It’s a hot summer’s day in Bucharest

And Bucharest is terrible on hot summer days. It looks as if a dragon’s breath has run over it at light speed, several times.

And I’ve just got off the tram on this long boulevard lined with tall, grey communist apartment buildings and I’m looking for a newly opened bookshop. It is part of a very elegant bookshop chain and it’s supposed to be here somewhere.

I finally find a passageway between these two dusty buildings and there it is. Behind the busy boulevard, a dirty plot, with holes in the dry mud and plastic bags flying around like in that famous scene in that American movie I forget the name of. You know, almost, just almost art. Garbage everywhere. I make my way to the door of the bookshop.

Inside there is a bourgeois atmosphere. Elegance, the scent of connoisseur’s tea, of freshly printed books, the polished squeaky wooden floor, the carefully chosen, well placed warm lights. The place feels like a lonely member of an aristocratic family that’s lost his way in a blue collar neighborhood.

And nothing happens. I don’t meet anyone special. In fact, I don’t meet anyone at all. Apart from the shop keeper, I am the only one there. I don’t remember buying anything remarkable, though I probably did buy something just to make the shopkeeper feel better (yes, I often did that and still do it sometimes).

How in the world have they opened this bookshop in this horrible place?

And why the heck does this memory keep popping up in my mind, more than ten years later, while I’m out playing with the kids, doing house chores or whatever? Nothing happened! Why do I keep seeing this? When I was there, I never imagined I would remember anything about that experience. Because it was totally unimpressive. And, again, NOTHING happened.

And as I’m talking to a friend about it the other day and as she’s really listening, I hear myself asking THE question: what did I feel then?

The answer was already there and it struck me like a bolt of lightning:

A deep lack of belonging. A sense of the outcast, the margin, the uninvited guest, the rebel.

Story of my life.

In a rush to slow down

It feels as if I’ve been running a marathon since the beginning of 2020. Lived in three countries, moved house five times. I’m not sure I know how to stop or even slow down. Only lately do I surprise myself taking deep breaths again, looking into my children’s eyes – I mean really looking, stopping all else. It’s fascinating to watch them descend on earth one day at a time. Only to find their way back up again, as we all do, when the time comes.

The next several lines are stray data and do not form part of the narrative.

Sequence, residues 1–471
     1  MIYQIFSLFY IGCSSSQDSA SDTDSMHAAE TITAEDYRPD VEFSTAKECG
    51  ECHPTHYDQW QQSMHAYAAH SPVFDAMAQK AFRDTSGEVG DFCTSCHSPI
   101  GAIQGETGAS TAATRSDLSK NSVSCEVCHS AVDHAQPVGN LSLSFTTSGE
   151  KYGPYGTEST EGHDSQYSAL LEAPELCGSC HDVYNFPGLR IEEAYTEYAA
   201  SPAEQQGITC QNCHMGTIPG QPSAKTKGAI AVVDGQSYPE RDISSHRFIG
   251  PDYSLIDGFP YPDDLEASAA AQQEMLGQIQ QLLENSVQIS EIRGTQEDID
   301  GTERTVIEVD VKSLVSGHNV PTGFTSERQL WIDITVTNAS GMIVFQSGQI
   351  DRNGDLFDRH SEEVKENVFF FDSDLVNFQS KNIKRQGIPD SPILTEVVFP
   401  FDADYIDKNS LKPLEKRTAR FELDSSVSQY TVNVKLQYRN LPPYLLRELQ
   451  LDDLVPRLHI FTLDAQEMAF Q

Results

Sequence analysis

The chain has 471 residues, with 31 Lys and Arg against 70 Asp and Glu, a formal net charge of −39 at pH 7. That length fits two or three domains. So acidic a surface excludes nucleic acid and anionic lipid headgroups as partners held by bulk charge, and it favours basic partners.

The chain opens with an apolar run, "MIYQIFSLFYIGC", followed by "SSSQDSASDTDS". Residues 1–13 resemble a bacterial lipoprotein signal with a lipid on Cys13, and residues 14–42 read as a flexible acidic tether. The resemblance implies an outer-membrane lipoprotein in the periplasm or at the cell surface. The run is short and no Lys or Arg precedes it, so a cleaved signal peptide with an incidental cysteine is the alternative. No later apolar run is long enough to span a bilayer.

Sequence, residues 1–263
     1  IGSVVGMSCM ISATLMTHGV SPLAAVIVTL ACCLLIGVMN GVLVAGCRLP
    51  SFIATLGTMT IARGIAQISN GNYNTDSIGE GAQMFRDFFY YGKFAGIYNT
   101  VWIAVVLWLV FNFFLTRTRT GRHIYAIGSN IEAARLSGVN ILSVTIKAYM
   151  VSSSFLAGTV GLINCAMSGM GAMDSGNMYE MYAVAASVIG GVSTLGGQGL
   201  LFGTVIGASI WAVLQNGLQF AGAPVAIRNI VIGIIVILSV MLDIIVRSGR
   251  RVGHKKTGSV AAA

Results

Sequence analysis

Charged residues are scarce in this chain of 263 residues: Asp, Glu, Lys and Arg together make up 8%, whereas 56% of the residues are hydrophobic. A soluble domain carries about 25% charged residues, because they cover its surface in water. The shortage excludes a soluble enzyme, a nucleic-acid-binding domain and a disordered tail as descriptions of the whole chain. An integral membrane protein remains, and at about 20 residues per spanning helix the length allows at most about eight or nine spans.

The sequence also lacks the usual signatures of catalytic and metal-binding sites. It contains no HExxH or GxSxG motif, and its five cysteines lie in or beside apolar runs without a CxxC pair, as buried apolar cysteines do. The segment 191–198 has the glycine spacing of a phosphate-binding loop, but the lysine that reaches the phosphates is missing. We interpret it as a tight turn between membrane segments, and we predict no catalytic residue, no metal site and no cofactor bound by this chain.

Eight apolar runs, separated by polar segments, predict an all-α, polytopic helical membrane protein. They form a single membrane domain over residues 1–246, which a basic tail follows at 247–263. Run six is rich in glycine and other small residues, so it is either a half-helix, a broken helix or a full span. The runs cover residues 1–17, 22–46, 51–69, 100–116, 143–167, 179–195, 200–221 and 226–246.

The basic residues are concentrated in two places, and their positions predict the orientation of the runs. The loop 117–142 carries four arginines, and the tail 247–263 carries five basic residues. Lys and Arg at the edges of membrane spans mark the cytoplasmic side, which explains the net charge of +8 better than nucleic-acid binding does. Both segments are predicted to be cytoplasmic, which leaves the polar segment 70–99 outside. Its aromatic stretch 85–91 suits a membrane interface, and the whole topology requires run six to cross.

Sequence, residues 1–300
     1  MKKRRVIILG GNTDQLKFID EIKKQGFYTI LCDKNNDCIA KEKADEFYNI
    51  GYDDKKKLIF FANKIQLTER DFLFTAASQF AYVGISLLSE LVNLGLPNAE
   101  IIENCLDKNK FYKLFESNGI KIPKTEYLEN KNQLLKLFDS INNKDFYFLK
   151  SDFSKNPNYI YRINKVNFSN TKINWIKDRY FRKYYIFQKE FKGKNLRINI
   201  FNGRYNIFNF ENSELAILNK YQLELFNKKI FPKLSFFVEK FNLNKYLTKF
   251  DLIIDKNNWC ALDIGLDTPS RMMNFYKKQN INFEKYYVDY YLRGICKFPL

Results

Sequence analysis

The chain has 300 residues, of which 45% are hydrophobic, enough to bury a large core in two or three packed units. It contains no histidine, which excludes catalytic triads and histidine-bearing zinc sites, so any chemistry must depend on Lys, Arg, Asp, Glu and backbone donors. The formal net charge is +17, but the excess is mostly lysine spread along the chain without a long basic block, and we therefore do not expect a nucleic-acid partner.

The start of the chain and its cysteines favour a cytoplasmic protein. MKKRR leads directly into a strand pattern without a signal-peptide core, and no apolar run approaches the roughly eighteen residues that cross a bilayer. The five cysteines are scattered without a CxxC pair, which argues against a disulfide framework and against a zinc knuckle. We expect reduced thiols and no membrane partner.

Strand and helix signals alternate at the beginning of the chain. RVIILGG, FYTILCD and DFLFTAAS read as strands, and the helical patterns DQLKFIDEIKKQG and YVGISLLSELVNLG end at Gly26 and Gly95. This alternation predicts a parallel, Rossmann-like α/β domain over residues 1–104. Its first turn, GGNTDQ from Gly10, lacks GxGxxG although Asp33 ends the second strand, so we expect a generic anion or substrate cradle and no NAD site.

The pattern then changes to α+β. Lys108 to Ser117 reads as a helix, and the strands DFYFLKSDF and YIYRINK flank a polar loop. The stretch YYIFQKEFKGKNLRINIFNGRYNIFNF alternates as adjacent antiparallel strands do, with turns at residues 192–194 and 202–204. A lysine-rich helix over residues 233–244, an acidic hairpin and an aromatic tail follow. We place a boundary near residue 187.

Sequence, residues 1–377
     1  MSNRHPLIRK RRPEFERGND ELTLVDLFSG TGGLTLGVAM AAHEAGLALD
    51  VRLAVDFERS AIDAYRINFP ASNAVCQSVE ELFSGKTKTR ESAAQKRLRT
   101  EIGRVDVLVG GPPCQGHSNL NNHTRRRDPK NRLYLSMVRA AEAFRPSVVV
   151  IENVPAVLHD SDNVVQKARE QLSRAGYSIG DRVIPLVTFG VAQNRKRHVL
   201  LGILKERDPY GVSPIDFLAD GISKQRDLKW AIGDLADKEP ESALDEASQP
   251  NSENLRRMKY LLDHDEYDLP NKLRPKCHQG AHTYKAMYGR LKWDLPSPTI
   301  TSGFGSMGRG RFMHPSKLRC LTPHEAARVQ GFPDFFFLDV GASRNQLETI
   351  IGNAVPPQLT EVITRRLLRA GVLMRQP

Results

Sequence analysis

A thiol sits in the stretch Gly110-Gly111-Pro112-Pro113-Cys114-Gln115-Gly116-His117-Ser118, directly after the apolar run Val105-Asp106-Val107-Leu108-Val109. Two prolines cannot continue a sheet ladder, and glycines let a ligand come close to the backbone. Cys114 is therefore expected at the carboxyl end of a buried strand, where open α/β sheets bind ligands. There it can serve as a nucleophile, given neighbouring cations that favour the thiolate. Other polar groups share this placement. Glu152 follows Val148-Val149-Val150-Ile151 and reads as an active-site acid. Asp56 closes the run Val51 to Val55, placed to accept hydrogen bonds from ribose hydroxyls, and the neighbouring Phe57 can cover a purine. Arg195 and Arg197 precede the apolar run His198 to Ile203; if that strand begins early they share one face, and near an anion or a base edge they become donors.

I’ve managed to stick to the habit of writing letters to them, through all the changes and challenges. I already miss their early days and months. I miss myself in those times. I miss their father in those earlier times. I miss feeling so carefree (yes, that’s the way I felt in those times). We didn’t have our families close for help, but I felt so cared for, so loved, so protected, so safe. Having very young kids is definitely one of the most tiring and difficult times in one’s life, but it is also probably the most beautiful time. Or so it has been for me. I wonder if I can ever be that happy again in this lifetime. Is it allowed?

I’m definitely in my mid-life crisis. Reevaluating my life. I’ve lived so many different lives in this lifetime. I’d got used to having no regrets. If I learnt anything valuable from my first lover, a rough lieutenant ten years older than me, is that it’s better to regret something you’ve done than something you haven’t had the courage to try. So I’ve tried e v e r y t h i n g I’ve ever been curious about.

And I have never been curious about conforming or fitting in or about living the same day over and over. So now I’ve discovered regret. Having left the most beautiful house and the most beautiful village I’ve ever lived in, in the most beautiful neighborhood. Regret has such sharp teeth. It deepens wrinkles and dries up skin. I often find myself lately wishing I’d been curious about living a comfortable life for a longer time.

2020 threw us out of the life we knew. Not just us as a family, but us as humanity. To me it felt like I lost a whole world. It set me out there, looking so desperately for that place. Home. Looking for it out there as if it ever were to be found out there. Looking for that place where freedom can never be taken away. As if freedom were ever given to us by an outside authority to be taken away as they please. Looking for home as if home were not the whole earth for as long as I’ll be around.

Reminder to myself: stop moving, start traveling. And travel light. You are everything you need and everything you will ever truly have.

What now?

To be continued. Soon.